Lazarus Group may have hacked Indian Nuclear Power Plant

Nuclear Power Corp.'s Kudankulam plant is seen from Tsunami Nagar, India, on Saturday, Oct. 1, 2011. India will form a panel of government officials and experts to address the safety concerns of villagers living near the almost completed nuclear power station at Kudankulam in Tamil Nadu state, where protests have halted work. Photographer: Adeel Halim/Bloomberg via Getty Images

Unverified reports circulated this week that the power plant – the largest operating nuclear power plant in India – had suffered a cyber attack. The reports claimed that a version of the ‘DTrack RAT’ virus had infected the plant’s administrative systems.

According to Kaspersky, which named the virus, DTrack has been used in cyberattacks against financial bodies in India as a tool for aggressively extracting data from infected systems. The malware came to prominence in September this year after being blamed for an espionage attack on Indian ATMs.

The malware appears to be connected to the Lazarus group, which has been identified by the US Department of Justice as a North Korean-backed cyber-crime organisation. Some organisations have linked the Lazarus group to the WannaCry ransomware attacks which briefly rocked the NHS and other major institutions around the world in May 2017.

What New Delhi thinks?

Image: Kudankulam Nuclear Plant

Authorities from the Nuclear Power Corporation of India Limited (NPCIL) have admitted that malware, believed to originate from the Lazarus Group, infected the administrative network of the Kudankulam Nuclear Power Plant.

Initial reports about possible problems with the Kudankulam Nuclear Power Plant (KKNPP) surfaced a couple of days ago when a researcher who used to work for India’s National Technical Research Organization (NTRO) made the connection by using published results from VirusTotal. Now, the NPCIL has admitted that intruders had access to an administrative network.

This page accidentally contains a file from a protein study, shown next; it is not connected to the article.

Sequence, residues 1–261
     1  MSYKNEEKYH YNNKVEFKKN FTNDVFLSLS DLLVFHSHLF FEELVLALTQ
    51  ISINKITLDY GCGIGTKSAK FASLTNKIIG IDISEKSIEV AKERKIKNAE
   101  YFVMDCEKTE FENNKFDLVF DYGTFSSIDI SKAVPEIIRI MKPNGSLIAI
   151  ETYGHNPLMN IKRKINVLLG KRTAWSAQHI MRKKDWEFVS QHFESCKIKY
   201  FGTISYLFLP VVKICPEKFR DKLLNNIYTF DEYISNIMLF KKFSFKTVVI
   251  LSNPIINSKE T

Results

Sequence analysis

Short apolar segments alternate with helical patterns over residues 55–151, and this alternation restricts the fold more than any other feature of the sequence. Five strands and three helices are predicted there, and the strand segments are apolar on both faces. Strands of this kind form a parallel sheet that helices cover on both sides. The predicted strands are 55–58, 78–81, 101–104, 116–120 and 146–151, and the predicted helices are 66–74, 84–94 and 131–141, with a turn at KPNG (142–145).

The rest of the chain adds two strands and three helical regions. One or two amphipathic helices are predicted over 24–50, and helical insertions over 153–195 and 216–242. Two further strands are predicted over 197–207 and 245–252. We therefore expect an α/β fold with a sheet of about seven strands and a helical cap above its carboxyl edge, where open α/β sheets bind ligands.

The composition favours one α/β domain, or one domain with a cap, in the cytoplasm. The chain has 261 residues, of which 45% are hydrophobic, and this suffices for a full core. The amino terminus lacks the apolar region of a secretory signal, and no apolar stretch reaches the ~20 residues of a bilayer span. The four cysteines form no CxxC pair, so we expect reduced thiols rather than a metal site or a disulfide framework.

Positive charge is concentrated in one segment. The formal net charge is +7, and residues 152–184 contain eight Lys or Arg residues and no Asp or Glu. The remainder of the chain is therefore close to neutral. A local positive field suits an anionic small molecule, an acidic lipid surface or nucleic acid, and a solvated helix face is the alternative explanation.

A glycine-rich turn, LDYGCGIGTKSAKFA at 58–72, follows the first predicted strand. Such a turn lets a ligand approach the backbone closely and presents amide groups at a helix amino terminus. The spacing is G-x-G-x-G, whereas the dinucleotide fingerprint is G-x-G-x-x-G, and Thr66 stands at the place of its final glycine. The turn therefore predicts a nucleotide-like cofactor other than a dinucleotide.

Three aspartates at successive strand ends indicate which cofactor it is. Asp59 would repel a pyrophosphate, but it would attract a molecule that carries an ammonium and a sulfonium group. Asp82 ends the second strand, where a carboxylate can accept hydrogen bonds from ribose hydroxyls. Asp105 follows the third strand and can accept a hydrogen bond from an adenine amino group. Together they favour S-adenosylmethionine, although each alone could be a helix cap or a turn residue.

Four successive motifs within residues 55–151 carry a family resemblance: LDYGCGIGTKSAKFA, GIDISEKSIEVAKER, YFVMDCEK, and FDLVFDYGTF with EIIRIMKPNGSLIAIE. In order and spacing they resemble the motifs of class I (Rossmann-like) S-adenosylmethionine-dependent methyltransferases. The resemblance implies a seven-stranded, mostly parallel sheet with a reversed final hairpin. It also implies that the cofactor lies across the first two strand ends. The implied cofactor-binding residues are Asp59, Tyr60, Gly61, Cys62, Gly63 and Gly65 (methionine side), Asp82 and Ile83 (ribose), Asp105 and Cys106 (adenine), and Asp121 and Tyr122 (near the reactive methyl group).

Pukhraj Singh, the researcher who discovered the intrusion, referred to the event as casus belli, a Latin term used to describe an act of war. Talking with Ars Technica, Singh explained that he called the event an act of war because of a second target, which he also reported to the government, but didn’t want name publicly.

“Indication of malware in the NPCIL system is correct,” said NPCIL Associate Director A. K. Nema in a communique. “The matter was conveyed by CERT-in when it was noticed by them on September 4, 2019. The matter was immediately investigated by DAE specialists.”

“The investigation revealed that the infected PC belonged to a user who was connected to an Internet-connected network used for administrative purposes. This is isolated from the critical internal network. The networks are being continuously monitored.”

The fact that the intrusion was found accidentally could mean the hackers didn’t want to make their presence known. It’s unclear whether any information was stolen, and there’s no indication of what the second target might be.

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The views and opinions expressed in this article are those of the author and do not necessarily reflect the views of The Kootneeti Team

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Akshat Verma

Akshat Verma is an Associate Editor at The Kootneeti. His area of interest includes India-Pakistan-China relations and Indian Foreign Policy. He can be reached at || Twitter: @akshat_ver

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